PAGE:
- The Washington Times - Wednesday, August 22, 2001

A three-judge panel of the U.S. Board of Immigration Appeals overturned a deportation order for a Haitian nanny convicted of killing an 18-month-old infant, saying the fatal beating she admitted giving the child was not a crime of violence.
The judges blocked the order in March, ruling that Melanie Jeanbeaucejour's deportation would cause her family "severe emotional hardship." She had twice been ordered out of the country by a U.S. immigration judge after serving two years of a six-year sentence in the child's death.
The previously undisclosed ruling, which remains under court seal, was handed down by Board of Immigration Appeals Judges Cecelia Espenoza, Gustavo Villageliu and Lory D. Rosenburg. All three were appointed by former Attorney General Janet Reno.
In the sealed order, a copy of which was obtained by The Washington Times, the three judges said they were "convinced" that Jeanbeaucejour had met the federal standards to show that her family would "suffer extreme hardship if she is forced to return to Haiti," despite her conviction in the death of an infant in her care.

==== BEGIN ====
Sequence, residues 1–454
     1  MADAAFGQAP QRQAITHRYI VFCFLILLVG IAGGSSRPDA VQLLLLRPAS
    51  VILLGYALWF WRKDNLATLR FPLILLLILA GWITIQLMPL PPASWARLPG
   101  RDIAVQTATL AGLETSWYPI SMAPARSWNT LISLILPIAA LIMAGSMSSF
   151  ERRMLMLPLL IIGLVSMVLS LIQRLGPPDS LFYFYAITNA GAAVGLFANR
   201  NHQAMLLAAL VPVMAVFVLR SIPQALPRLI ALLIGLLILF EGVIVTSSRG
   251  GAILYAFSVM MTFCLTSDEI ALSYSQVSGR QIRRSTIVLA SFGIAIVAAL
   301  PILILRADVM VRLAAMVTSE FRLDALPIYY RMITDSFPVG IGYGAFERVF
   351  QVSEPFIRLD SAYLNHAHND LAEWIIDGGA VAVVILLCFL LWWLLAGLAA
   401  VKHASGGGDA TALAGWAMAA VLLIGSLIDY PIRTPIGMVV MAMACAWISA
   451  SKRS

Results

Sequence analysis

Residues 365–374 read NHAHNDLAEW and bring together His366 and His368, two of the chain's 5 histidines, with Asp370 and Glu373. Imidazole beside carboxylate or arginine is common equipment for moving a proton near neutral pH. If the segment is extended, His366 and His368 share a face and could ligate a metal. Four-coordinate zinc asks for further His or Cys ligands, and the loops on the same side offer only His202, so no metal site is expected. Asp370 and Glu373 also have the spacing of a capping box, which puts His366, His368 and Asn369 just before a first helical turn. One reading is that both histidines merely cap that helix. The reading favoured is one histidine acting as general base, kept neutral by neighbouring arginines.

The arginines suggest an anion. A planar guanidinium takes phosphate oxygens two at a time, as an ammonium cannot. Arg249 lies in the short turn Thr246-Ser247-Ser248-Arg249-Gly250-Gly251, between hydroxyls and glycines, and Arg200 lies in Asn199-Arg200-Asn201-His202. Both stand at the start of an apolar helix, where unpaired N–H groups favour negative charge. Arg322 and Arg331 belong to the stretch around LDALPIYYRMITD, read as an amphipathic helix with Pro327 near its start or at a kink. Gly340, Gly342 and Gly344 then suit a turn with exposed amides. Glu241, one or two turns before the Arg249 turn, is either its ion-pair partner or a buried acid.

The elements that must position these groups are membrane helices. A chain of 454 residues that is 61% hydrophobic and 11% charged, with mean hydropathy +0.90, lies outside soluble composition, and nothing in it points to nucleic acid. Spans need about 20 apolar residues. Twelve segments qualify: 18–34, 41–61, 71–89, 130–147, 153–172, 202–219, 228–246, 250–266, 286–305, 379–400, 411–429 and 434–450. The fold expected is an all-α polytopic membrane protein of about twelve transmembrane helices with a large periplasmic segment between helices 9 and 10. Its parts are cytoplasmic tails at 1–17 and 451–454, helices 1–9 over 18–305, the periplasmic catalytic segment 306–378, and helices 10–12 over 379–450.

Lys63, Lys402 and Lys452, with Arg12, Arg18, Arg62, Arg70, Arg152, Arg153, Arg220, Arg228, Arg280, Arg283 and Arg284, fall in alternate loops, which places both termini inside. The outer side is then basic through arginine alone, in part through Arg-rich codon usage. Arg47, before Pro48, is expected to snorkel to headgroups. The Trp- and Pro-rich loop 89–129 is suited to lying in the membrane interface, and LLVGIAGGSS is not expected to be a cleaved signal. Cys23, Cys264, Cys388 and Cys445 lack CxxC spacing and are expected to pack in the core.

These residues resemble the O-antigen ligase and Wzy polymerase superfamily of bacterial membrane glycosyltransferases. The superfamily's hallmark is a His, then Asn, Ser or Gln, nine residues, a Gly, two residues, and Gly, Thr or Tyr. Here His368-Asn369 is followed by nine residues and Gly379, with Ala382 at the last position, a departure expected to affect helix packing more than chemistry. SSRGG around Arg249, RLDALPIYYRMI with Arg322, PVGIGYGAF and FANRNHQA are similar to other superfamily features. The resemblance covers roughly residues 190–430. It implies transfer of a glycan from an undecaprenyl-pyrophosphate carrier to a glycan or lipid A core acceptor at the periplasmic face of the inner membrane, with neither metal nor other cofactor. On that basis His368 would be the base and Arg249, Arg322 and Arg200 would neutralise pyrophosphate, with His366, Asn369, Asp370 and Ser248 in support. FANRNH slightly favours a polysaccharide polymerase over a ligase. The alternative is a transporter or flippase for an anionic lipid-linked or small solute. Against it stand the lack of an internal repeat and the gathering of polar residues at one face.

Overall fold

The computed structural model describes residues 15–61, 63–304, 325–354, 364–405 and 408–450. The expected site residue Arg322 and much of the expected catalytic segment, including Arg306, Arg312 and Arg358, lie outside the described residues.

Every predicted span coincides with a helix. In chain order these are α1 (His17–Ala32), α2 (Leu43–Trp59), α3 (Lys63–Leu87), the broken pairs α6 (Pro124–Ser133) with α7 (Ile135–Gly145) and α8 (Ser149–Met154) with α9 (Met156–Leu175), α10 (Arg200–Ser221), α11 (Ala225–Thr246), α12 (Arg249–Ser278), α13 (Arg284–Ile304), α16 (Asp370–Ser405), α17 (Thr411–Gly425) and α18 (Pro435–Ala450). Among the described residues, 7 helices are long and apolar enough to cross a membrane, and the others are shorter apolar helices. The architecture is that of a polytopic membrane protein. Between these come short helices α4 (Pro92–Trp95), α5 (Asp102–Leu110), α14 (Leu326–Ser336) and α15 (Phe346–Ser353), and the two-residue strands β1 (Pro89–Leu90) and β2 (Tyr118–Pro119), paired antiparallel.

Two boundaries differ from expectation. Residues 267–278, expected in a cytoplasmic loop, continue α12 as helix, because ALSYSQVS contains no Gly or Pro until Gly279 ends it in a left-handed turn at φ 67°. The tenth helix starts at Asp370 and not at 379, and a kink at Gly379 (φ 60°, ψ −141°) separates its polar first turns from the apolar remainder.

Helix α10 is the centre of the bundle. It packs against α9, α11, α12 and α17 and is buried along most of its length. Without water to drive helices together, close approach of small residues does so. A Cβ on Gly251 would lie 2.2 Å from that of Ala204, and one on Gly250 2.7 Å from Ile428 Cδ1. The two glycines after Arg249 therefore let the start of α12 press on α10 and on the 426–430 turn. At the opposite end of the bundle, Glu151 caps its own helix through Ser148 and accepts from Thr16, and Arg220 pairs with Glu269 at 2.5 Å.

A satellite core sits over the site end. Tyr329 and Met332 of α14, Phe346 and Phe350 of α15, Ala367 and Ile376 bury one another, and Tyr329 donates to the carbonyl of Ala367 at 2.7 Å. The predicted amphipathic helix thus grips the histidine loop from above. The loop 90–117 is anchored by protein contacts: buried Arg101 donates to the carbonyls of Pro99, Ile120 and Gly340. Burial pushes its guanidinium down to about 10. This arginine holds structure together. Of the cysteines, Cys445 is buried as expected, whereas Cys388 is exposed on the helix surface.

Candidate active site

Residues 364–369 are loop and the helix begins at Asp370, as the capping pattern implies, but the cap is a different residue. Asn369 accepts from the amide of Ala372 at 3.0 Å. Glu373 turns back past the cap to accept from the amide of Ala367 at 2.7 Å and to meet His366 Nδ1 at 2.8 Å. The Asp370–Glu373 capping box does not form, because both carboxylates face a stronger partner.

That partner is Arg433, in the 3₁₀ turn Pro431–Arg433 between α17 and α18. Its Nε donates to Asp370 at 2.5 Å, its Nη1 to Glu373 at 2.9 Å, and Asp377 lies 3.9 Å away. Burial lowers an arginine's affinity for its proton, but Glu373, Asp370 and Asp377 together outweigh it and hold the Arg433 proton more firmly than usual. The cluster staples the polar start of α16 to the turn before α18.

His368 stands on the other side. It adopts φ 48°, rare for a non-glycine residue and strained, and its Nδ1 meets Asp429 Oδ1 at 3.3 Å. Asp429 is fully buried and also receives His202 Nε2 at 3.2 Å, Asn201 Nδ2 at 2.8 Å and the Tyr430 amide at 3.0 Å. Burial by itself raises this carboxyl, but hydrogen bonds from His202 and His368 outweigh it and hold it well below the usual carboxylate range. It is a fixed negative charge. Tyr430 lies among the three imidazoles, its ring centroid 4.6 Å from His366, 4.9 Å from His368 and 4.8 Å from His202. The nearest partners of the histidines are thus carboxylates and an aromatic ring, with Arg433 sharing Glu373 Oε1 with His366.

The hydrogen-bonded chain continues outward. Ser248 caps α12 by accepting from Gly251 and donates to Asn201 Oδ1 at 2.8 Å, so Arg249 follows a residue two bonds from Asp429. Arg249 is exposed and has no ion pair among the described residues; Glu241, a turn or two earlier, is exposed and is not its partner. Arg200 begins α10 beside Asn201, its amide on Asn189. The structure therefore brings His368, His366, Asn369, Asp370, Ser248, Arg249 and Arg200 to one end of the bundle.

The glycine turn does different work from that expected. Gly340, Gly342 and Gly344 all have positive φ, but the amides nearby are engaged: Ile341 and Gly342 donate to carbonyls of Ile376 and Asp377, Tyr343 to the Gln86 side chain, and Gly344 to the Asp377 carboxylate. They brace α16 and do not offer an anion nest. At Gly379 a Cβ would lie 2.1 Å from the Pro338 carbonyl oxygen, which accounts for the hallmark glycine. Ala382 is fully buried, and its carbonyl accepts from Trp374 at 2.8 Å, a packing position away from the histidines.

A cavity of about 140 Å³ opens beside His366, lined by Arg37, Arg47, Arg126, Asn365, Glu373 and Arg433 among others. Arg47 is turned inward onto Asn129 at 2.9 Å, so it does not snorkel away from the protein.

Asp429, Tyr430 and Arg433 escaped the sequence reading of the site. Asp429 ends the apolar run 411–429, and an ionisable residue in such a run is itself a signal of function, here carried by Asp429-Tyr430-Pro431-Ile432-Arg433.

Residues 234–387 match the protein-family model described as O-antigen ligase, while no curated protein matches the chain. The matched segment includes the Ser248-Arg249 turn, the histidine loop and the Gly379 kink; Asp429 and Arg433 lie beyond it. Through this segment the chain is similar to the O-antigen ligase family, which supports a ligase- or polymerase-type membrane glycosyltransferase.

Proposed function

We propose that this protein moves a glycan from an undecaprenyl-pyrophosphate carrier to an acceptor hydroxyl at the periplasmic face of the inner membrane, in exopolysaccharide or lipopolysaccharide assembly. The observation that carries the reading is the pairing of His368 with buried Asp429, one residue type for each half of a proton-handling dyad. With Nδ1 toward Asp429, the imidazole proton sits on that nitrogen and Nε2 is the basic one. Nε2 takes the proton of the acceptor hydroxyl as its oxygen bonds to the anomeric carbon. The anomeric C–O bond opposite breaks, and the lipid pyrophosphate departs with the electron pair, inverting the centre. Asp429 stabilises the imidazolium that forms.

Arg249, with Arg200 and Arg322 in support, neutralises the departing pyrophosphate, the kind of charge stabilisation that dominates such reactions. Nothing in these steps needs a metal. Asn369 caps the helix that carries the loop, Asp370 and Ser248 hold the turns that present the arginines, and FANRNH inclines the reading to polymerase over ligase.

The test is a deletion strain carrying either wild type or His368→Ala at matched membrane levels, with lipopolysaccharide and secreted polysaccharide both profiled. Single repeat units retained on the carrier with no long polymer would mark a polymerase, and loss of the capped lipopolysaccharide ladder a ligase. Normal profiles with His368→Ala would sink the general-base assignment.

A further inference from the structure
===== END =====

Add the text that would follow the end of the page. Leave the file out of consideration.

The board, an independent body with jurisdiction nationwide to hear appeals on immigration decisions by both federal judges and district directors of the U.S. Immigration and Naturalization Service, acted on a petition by Jeanbeaucejour to block the deportation.
The 18-member board is based in Falls Church.
Jeanbeaucejour, 44, was found guilty in a Buffalo, N.Y., courtroom on Sept. 12, 1995, on a charge of manslaughter in the second degree, according to New York State Department of Correctional Services records. Her conviction came less than a year after her arrival in the United States from Haiti as a refugee.
After her 1997 release from prison, the INS called for her deportation as an alien who had been convicted of a violent crime. The INS said at an August 1999 hearing that her removal from the country was dictated under the moral turpitude sections of the Immigration and Nationality Act.
U.S. Immigration Judge Phillip J. Montante Jr., who heard the INS case, ordered her deportation on Aug. 18, 1999, ruling that the woman was an aggravated felon and not eligible under existing federal law to stay in the United States.